Winter Dreams By Julie Burchstead

Winter panes spill light like butter, golden pools on the snow
Inviting travelers home again with their warming glow.

Winter chimneys puff out smoke, like twisted cotton threads.
Weaving gossamer tapestry in the sky over our heads.

Winter people seek good books, steaming mugs and cozy lairs,
They pull on fuzzy sweaters, curl into comfy chairs.

Winter days sleep late, are stingy with their light.
They retire early, give way too soon to night.

Winter dogs are lazy, they snore and grow fat.
They twitch and dream of chasing squirrels, a ball, perhaps a cat.

Winter dreams stretch long-into dark that’s rich and deep,
Wrapped up in PJs, downy quilts, flannel sheets, soothing sleep.

Winter villages settle in and wrap themselves up tight,
In soft white afghans knit from snowflakes, then they say Good Night.

If you are a writer, and have not read Take Joy: A Writer’s Guide to Loving the Craft, (Yolen, 2006) I highly recommend heading to your local independent bookstore and adding it to your personal library as soon as you can.  You will be better for it.

Two of my favorite independent bookstores (I have personally wandered the aisles of both)

Northshire Bookstore, Manchester, Vermont

Powell’s City of Books, Portland, Oregon

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Thanks to TwoWritingTeachers Blog for the opportunity to participate in Tuesday Slice of Life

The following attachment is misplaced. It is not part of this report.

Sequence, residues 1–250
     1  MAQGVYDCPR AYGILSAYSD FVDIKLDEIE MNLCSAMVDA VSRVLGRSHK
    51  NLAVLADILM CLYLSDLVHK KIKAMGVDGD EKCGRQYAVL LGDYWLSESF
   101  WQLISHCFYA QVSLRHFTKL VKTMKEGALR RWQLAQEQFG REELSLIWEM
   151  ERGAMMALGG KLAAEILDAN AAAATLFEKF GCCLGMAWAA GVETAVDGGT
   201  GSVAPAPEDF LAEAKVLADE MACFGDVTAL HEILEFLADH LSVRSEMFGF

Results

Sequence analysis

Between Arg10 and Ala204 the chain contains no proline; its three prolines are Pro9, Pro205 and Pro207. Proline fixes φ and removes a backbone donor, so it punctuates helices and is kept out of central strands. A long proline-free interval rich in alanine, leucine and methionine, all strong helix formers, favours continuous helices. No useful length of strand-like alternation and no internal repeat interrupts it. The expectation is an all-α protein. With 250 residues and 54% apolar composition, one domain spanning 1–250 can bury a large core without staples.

Unexpected Snowfall

For a snow lover like me, it has been the winter of discontent. I grew up in western Oregon, where snow is rare and fleeting. In Oregon, winter is a 9 month mud-season, a long yawn of wet and grey. I delighted in moving to the land of snow. I bought mittens and snowshoes. I learned about roof rakes and ergonomic snow shovels. For my first five winters here, Vermont has delivered: Currier and Ives  Christmasses and a steady succession of light fluffy snowfalls through March, and sometimes beyond. Transformative magic to keep the winter drearies away. But not this winter.

Oh it’s been cold enough. Cold enough to flash-freeze coffee left in my cup after my morning commute. Cold enough to freeze and refreeze the line to our dishwasher for days at a time. Cold enough-until moisture arrives. Then weeks of unrelenting deep-freeze break just in time to ensure the precipitation falls as rain, or worse, ice.

This winter it’s like we planned the party, sent out invitations, set the table, even received confirmation of attendance, but snow has been like an unreliable guest, arriving late, leaving early, coming ill-dressed, or been a complete no-show. Lingering roadside drifts are as tired and unappealing as picked-over hors d’oeuvres left on the tray after guests have gone home.

Each morning, I scan the ten day forecast on my screen for the freshly added date.  Will it have a snowflake?  But amongst the occasional icons of clouds, rarely a snowflake appears. When one does it only teases,  revealing on arrival to be rain dressed in snow’s clothing.

Vermont weather is fickle. The turn and rise of a road, the breadth of a mountain, the proximity to a river, each and every hollow creates its own unique climate. To snow, or not to snow? My morning commute winds through several of these micro-climates. One village, one hill and valley to the next varies in snowfall by extraordinary degrees. My hollow has been the the itch that can’t get scratched. The snow falls south, or north, a bit east or west. The little we’ve had has snuck in by night, been washed by rain by day, or coated with ice.

A couple of days ago, another Judas snowflake appeared on my desktop. It showed early promise, but by last night, there were conflicting reports, diminishing chances. “An All-Day Event” the newscaster predicted….to the south. Fickle. I went to bed resigned.